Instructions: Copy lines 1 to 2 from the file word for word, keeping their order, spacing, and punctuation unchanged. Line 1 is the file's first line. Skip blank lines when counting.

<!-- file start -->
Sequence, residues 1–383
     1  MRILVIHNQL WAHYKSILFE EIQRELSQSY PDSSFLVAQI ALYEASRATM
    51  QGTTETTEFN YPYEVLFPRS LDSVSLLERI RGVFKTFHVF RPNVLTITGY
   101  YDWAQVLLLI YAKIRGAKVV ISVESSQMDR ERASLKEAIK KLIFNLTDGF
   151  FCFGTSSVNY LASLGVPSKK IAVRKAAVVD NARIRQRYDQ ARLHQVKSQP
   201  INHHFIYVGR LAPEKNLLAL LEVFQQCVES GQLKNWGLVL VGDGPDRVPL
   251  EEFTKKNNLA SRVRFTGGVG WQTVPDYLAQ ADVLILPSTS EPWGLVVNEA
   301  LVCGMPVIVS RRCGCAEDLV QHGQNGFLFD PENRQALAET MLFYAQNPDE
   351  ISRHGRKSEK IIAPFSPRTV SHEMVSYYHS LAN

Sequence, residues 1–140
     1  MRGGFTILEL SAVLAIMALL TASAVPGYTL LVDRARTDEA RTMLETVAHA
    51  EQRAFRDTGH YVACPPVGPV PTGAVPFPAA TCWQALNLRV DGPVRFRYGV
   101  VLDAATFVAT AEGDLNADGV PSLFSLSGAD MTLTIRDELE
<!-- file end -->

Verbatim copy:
Sequence, residues 1–383
     1  MRILVIHNQL WAHYKSILFE EIQRELSQSY PDSSFLVAQI ALYEASRATM